Born in eastern Tennessee and raised in southwestern Virginia, Lonormi Manuel has called Kentucky home for over thirty years. Her writing, both fiction and nonfiction, addresses universal themes in Appalachian settings. A passionate historian, genealogist, and student of the labor movement, Lonormi finds inspiration for her fiction in old newspapers, oral histories, and the stories of the working class. She writes not only about, but for the Appalachian people, and seeks to refute or redefine the “hillbilly” label through her work.
Her short fiction has appeared in Still: The Journal, Wraparound South, Barely South Journal, and Change Seven Magazine. Her short story, “An Unmarked Grave,” received the 2017 Short Fiction Prize from Still: The Journal. Her narrative essay, "An Exultation for Appalachia" was awarded First Prize in the Appalachian Narratives for Our Time competition sponsored by the Loyal Jones Appalachian Center of Berea College, and was published by The Roanoke Review.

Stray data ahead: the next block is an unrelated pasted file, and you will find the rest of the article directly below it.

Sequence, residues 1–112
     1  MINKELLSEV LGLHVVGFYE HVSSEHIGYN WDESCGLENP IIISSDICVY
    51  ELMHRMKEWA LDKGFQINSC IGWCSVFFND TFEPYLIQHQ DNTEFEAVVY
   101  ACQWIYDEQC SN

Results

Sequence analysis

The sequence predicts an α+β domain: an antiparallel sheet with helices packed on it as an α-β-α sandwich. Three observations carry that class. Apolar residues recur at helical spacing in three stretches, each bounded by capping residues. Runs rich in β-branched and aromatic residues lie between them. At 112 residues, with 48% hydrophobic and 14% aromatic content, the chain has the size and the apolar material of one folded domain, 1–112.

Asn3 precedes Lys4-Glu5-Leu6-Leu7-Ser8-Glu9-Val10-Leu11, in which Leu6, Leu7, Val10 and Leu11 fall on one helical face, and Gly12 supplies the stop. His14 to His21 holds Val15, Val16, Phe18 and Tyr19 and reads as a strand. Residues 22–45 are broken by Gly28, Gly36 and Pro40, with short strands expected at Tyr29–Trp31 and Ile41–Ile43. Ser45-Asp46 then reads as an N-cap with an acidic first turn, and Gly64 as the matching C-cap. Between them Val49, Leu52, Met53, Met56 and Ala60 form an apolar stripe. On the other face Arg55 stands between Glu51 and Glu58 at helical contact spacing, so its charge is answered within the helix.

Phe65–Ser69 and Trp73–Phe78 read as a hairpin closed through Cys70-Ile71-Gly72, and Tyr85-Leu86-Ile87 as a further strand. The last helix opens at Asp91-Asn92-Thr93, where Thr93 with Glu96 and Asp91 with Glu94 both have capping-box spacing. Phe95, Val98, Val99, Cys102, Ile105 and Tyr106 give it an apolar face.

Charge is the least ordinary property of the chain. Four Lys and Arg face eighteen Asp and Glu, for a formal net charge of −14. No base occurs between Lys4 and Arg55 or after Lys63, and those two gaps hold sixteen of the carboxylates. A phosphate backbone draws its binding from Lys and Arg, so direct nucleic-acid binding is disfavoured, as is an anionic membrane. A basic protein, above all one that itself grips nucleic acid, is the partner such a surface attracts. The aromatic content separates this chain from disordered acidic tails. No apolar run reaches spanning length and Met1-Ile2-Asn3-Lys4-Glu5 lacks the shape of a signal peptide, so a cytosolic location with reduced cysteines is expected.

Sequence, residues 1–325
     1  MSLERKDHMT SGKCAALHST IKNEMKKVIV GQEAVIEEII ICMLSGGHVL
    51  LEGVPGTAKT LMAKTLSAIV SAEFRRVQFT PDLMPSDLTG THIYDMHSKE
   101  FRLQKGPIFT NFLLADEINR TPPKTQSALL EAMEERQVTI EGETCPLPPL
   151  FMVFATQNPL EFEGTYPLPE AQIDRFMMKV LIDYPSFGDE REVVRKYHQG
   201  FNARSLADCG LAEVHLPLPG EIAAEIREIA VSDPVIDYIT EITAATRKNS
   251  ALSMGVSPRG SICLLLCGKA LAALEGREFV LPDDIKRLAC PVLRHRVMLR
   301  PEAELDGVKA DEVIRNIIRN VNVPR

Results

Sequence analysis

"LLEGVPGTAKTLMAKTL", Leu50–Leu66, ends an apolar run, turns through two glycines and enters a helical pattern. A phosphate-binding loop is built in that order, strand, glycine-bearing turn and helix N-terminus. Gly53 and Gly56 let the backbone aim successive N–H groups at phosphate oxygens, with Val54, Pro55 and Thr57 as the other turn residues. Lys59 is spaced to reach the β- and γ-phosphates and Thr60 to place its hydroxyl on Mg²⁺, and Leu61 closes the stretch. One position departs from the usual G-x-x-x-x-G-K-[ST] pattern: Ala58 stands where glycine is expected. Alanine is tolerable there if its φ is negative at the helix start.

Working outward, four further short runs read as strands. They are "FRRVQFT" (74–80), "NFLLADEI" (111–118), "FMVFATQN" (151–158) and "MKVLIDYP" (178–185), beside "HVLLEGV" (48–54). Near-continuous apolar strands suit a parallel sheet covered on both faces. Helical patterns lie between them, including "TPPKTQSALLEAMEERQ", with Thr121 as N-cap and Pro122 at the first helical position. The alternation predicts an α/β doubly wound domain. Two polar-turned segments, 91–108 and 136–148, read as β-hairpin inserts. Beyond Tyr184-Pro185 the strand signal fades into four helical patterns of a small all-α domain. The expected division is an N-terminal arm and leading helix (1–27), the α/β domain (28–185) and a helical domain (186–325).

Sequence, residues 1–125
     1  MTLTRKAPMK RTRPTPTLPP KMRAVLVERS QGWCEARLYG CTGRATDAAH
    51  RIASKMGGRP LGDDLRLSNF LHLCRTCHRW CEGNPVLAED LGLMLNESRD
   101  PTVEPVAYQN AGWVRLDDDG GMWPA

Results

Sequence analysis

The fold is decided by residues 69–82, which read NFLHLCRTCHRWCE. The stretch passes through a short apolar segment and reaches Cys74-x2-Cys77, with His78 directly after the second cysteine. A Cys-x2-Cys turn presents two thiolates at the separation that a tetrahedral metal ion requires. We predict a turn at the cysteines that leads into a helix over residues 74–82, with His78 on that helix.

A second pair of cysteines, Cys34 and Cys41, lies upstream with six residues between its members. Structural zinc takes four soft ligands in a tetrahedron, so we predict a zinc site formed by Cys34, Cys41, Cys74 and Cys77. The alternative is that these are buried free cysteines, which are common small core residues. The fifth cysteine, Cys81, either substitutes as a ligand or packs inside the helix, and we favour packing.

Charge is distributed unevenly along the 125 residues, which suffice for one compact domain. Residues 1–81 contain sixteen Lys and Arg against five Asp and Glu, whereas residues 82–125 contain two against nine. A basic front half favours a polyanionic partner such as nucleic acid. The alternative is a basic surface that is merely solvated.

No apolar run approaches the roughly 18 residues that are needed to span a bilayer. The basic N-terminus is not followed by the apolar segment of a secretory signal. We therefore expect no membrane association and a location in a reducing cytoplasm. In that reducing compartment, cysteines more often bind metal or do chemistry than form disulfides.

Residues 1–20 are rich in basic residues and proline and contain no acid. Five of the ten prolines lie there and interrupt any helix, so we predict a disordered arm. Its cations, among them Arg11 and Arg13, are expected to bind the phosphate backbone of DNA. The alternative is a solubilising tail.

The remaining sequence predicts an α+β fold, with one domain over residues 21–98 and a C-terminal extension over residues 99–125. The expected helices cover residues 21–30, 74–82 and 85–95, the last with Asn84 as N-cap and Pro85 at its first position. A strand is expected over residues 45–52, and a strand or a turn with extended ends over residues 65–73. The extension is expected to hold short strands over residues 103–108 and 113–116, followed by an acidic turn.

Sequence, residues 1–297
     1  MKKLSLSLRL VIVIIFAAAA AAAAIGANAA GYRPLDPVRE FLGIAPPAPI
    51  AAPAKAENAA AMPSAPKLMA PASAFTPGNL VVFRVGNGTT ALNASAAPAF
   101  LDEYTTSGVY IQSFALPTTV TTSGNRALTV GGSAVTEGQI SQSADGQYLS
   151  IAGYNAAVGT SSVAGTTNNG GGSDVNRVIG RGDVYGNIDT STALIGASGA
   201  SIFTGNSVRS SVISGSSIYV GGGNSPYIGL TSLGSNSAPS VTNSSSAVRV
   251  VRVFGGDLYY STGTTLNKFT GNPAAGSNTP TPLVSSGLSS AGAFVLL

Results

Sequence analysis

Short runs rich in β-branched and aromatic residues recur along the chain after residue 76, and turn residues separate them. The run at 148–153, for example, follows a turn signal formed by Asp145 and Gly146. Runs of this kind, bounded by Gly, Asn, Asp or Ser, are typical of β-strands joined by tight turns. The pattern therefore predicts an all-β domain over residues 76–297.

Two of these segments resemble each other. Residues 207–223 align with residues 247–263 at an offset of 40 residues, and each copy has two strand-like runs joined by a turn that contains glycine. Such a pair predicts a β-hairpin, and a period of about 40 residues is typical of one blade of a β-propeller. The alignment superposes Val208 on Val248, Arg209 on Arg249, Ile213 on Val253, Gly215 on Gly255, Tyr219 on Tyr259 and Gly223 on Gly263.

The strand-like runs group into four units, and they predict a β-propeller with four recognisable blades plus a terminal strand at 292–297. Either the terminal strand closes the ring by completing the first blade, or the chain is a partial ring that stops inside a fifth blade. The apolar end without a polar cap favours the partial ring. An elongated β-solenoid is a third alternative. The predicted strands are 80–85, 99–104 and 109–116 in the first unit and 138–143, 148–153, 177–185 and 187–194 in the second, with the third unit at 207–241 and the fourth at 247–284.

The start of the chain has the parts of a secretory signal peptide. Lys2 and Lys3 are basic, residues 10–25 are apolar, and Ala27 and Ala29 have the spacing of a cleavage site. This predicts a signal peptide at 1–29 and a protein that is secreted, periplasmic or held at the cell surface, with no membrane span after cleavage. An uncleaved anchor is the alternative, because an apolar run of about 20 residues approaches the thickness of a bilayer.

Lonormi will receive her MFA from Southern New Hampshire University in early 2021. Her current project is a novel based on oral history and set in the coal camps of southern West Virginia during the 1920s and 1930s.